Big Brother On The Hunt In Zimbabwe

Coming hard on the heels of a successful run last year that saw Zimbabwe joint winners of the ultimate prize which was then $250 000, most will fancy a go at the elusive greenback.

This year the show, called Double Up, promises more of the catfights as people pair up to try and upstage each other in a game of wits and tension that will last 90 days.

This year the purse is $300 000 and the precondition is that for someone to be part of the reality show they must enter with a partner to be admitted as a pair.

In a statement Endemol the producers of the show said: “This year’s edition will see each of the participating countries sending two representatives, but the difference is representatives will know each other prior to the show unlike last year when they only became acquainted when they entered the house.”

Tafadzwa Chinembiri along time BBA fan said: “I think there will a lot of people given that Zimbabwean are confident of doing well given that in the past years we have done well with Munyaradzi Chidzonga and Wendall Parson. I want to give it a go for the fun of it and see where this takes me.”

The housemates will be revealed on May 06 but this year those who will pair up will know each other beforehand making it exciting that the plotting for the others downfall will start well in advance.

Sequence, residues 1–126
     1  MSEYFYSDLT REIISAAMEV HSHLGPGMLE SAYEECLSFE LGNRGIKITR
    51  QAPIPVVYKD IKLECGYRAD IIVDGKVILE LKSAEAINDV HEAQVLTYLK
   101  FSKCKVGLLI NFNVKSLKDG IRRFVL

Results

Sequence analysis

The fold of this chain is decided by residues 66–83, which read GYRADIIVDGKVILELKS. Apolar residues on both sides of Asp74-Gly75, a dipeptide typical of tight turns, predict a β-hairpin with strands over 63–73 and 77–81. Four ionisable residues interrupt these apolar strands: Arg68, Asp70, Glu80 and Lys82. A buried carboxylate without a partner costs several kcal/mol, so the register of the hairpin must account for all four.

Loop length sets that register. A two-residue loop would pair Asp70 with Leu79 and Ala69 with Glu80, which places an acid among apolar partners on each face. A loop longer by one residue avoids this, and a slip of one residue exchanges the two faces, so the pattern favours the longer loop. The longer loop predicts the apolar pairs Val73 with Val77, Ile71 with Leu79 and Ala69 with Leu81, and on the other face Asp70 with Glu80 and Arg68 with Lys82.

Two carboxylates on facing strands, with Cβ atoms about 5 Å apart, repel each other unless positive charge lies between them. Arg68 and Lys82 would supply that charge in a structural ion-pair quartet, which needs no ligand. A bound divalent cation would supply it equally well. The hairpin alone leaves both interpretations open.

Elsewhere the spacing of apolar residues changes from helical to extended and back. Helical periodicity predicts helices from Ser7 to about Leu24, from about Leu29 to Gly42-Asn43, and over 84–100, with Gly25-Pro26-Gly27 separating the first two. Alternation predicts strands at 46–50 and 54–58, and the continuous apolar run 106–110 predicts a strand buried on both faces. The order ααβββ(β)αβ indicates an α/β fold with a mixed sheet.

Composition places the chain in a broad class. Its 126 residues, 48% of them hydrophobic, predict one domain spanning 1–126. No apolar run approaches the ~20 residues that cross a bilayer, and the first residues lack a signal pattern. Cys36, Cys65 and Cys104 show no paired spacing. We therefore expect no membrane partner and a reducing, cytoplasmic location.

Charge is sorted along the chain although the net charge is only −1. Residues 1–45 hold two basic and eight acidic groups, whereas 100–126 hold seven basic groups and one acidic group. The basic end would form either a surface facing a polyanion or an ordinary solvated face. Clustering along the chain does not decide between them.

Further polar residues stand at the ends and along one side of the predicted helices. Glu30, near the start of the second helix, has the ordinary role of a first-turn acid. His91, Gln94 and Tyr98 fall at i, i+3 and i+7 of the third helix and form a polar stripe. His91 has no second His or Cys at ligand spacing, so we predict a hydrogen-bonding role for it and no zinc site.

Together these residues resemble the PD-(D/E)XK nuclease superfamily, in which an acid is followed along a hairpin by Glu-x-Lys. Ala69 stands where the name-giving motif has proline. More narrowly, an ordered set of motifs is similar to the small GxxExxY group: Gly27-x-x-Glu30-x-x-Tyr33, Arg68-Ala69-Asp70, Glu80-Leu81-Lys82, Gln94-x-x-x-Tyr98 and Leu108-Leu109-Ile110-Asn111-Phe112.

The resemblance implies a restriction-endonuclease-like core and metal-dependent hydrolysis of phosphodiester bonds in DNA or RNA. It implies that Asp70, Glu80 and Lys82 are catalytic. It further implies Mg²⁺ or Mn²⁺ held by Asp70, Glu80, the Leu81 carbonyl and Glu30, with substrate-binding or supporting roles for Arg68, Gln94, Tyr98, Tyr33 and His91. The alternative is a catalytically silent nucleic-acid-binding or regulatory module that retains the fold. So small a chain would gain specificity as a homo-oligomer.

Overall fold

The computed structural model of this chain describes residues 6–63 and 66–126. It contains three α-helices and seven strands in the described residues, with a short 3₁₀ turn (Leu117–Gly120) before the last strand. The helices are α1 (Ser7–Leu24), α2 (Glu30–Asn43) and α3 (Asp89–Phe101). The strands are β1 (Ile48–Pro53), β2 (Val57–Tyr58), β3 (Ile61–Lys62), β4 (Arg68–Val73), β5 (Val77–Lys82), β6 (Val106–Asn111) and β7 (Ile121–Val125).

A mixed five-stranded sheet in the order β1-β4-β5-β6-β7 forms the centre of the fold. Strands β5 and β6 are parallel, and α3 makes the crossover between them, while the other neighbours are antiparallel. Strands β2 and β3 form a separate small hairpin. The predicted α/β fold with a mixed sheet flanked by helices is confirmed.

The other catch is that despite pairing up it seems only one winner will have the walk of the fame at the end of the show.

MNet Africa managing director Biola Alabi said: “We’ve had positive feedback from BBA fans who love the challenge of entering in pairs. It’s great to see them embrace the change so enthusiastically.”

The show will have representatives from Angola, Botswana, Ghana, Kenya, Liberia, Malawi, Namibia, Nigeria, Sierra Leone, South Africa, Tanzania, Uganda and Zambia in order to win.

Last year, Zimbabwe was represented by Vimbai Mutinhiri and Wendall Parson. Nigeria’s Karen Igho and Parson were joint winners and won $200 000 each.

Big Brother Africa has been enchanting viewers for six years now, luring African audiences who crave local content. In the past, television producers have written Africa off as a place not deserving of its own locally-produced entertainment.

But now, reality TV is highlighting the growth of Africa’s middle classes, and forging a new continent-wide identity in the process.

Companies such as MTV and MultiChoice, South Africabased producer of BBAfrica, have recognised the value of entertainment starring African people.

By promoting cross-cultural interaction, these TV shows are helping to bring Africans closer together. BBAfrica groups 26 contestants from 14 sub-Saharan African countries into one house.

Building on the massively successful Western format, the show has enjoyed success promoting musical talent. Last season it featured no less than 20 artists from 11 different countries, who were brought in to perform at parties and evictions.